As a follow-up to the post that has gained a lot of attention, 10 Different Types of Chocolate Makers, you can now find out which kind of Chocolate Lover you are. It is unusual to be a purebred in today’s world since so many people are becoming educated about excellent chocolate and cacao. Therefore, you should hang on to your chocolate bars and be ready to exclaim, “that is SO me!”
Warning: may cause intense chocolate cravings.
- 1 Mindless Eaters
- 2 Winos
- 3 Trend Seekers
- 4 Super Tasters
- 5 Luxury Lovers
- 6 Ethical Consumers
- 7 Gift Givers
- 8 Adventurous Foodies
- 9 Complete Locavores
- 10 Everyday People
- 11 FAQs
Every one of us is susceptible to mindless eating at times. When I was in middle school and would purchase a couple of Three Musketeers bars after getting off the bus, go home and microwave them, and then eat them robotically while watching Sabrina the Teenage Witch, that was when mine was at its most active. Am I the only one with a history driven by sugar?
If you also have a propensity to pull out the chocolate merely because you’re bored, hungry, or upset, and then glance down and wonder who ate that whole bar of chocolate, you may be a mindless eater. Mindless eaters like to do things like this. This chocolate enthusiast has a tendency to purchase low-quality chocolate, even if they are aware that they won’t be able to enjoy very much of it. Cheap chocolate is often loaded with chemicals and sugar, both of which send messages to your subconscious encouraging you to keep eating even while your conscious brain isn’t being completely engaged in the experience.
To prevent this, I would suggest purchasing dark chocolates that are 60–70% cocoa and have no bitterness or astringency. The contrast in taste will quickly startle your brain into looking down and evaluating what it is that you are eating, despite the fact that they will cost a touch more than a $1 each. Simply said, you shouldn’t purchase anything until you’re certain you’ll like it. Here you may read more about how to purchase superior chocolate.
Origin: middle school
Percentage of the population: 73%
Ideal Chocolate Maker Type: People Pleasers
Every one of us has at least one acquaintance who, after picking up a few basic wine knowledge, suddenly views the world through the prism of their newly acquired expertise. It makes no difference who made the bar or how long it was matured or where the cacao came from; what matters is the terroir of the cacao. Frequently, it will even progress to the point where they will wonder over the harvest year of the cocoa beans, such as 2015 vs 2016, as well as the flavor of the bar. I have no problem admitting that the image you have of me drinking wine when I was in my early 20s; nevertheless, I haven’t quite gotten over the misconception that I have good legs yet. (My apologies, Leonard!) When discussing pricey chocolate bars, enthusiasts of craft chocolate have a tendency to use at least a little bit of this way of language. This is mostly done to explain the price tag of $15 per bar.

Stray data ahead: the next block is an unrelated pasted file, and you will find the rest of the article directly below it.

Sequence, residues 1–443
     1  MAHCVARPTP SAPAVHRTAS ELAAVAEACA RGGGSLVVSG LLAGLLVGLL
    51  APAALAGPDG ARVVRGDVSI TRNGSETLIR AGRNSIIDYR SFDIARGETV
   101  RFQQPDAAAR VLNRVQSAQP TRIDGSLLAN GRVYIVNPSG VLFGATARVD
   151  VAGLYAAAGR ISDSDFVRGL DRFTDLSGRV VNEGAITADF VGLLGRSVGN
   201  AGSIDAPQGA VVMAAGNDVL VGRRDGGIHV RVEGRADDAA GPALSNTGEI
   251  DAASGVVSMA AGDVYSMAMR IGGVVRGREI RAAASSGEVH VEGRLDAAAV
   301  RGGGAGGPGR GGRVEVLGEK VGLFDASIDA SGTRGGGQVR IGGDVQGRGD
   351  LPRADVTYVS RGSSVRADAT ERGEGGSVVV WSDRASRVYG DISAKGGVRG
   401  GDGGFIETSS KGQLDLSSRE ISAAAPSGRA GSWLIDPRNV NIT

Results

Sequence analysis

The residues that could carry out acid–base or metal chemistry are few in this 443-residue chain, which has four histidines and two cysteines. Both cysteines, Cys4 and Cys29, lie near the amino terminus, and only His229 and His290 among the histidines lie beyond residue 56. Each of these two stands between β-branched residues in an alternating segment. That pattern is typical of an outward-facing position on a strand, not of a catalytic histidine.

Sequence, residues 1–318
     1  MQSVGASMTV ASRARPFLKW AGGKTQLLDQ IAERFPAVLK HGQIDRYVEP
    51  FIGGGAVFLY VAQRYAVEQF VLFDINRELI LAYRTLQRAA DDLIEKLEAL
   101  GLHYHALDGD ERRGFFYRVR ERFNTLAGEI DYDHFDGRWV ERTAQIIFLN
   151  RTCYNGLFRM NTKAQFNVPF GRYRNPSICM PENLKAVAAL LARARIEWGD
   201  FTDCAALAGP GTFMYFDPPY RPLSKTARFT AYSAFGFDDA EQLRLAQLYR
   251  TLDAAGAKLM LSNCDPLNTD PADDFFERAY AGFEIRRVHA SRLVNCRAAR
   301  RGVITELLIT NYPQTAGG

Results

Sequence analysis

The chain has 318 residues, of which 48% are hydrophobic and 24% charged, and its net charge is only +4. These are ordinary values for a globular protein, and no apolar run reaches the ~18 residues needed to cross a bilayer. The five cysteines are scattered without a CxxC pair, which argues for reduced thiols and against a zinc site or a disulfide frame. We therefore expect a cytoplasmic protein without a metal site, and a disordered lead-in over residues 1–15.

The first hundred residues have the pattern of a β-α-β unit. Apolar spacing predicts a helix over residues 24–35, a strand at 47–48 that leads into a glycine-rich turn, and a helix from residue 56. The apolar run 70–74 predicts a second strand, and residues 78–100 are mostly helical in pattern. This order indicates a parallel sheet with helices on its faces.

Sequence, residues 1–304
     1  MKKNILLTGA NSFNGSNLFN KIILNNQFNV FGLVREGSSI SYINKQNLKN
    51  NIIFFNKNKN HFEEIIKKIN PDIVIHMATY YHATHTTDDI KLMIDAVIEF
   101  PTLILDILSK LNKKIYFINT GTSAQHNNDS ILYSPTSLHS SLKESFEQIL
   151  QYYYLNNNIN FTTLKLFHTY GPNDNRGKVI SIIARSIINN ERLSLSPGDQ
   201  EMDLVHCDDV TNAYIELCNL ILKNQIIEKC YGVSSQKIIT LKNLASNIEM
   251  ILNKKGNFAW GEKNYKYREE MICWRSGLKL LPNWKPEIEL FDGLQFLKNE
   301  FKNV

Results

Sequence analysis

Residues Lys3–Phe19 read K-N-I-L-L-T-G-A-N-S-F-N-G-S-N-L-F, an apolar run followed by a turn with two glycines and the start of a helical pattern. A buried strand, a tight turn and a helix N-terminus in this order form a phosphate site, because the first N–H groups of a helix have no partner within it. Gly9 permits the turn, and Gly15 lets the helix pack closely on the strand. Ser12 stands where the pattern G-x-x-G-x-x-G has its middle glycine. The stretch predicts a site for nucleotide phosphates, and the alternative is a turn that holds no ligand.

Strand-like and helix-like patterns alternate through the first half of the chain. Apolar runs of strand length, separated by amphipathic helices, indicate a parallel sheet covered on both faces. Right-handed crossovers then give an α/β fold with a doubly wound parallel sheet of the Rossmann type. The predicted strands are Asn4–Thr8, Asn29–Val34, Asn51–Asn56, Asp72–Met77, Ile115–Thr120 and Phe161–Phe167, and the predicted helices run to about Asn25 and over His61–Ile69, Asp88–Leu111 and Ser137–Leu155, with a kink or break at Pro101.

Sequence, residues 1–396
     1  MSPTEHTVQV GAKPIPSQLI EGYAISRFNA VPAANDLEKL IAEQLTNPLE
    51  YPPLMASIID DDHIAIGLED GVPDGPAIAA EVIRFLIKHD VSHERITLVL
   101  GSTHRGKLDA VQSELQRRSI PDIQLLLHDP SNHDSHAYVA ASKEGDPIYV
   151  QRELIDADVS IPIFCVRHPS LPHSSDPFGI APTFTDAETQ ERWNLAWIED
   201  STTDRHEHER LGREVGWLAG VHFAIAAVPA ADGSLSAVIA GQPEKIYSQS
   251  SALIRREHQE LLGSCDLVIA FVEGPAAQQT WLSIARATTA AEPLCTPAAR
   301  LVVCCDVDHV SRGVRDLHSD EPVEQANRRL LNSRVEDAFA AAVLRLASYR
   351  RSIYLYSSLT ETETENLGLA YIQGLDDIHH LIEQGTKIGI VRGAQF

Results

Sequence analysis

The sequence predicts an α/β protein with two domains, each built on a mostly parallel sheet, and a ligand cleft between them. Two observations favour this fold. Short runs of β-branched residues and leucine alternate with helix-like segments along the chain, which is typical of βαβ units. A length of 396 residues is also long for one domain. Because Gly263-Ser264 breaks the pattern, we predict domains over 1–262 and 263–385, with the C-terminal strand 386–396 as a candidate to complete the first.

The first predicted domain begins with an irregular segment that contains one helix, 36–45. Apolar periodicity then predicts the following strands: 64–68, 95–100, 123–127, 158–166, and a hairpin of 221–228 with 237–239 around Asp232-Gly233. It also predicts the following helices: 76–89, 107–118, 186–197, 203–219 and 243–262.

“It’s exactly the same as buying a beautiful bottle of wine; you have to shell out some cash in order to do so.”
While this may be the case, I’ve also spent $15 on some terrible chocolate bars that I’ve instantly come to regret buying. The vast majority of them have been worth it, in contrast to the $15 bottles of wine, but even the ones that haven’t been worth it have, at the very least, helped me forget about the low quality of the wine by the time I had finished the bottle.
Origin: northeastern USA
Percentage of the population: 4%
Ideal Chocolate Maker Type: Mad Scientists
It is not obvious if the Trend Seekers have a low opinion of me or whether I have a low opinion of them. I get the impression that I can identify them from a mile away, and Ruby Chocolate is a perfect illustration of this phenomenon. To clarify, this is not a “me vs them” category, since I myself am a Trend Seeker (albeit I am one mostly due to the fact that I am a chocolate writer). I keep a careful eye on the actions of Trend Seekers and their relatives who are the ones who are responsible for generating trends so that I can keep up with what’s trending in chocolate (and by chocolate, I don’t mean the cocoa).
Always remember the old adage, “observe and become.”
Once Trend Seekers become aware of a certain brand or product, they will stop at nothing until they own it. Ruby was a good example because, despite the fact that it was going to emerge onto the global market in the summer, people were still willing to pay one hundred dollars for just a few candy bars in February and March simply because they wanted to be the first. This was the case even though Ruby was going to emerge onto the global market in the summer. The Trend Setters weren’t the ones who made Ruby Chocolate popular, but they were clearly the individuals that tried it and spread it in the latter half of 2017, so they get credit for that.
Origin: New York City
Percentage of the population: 10%
Ideal Chocolate Maker Types: Cacao Hunters, Chocolate Nonconformists (Hipsters)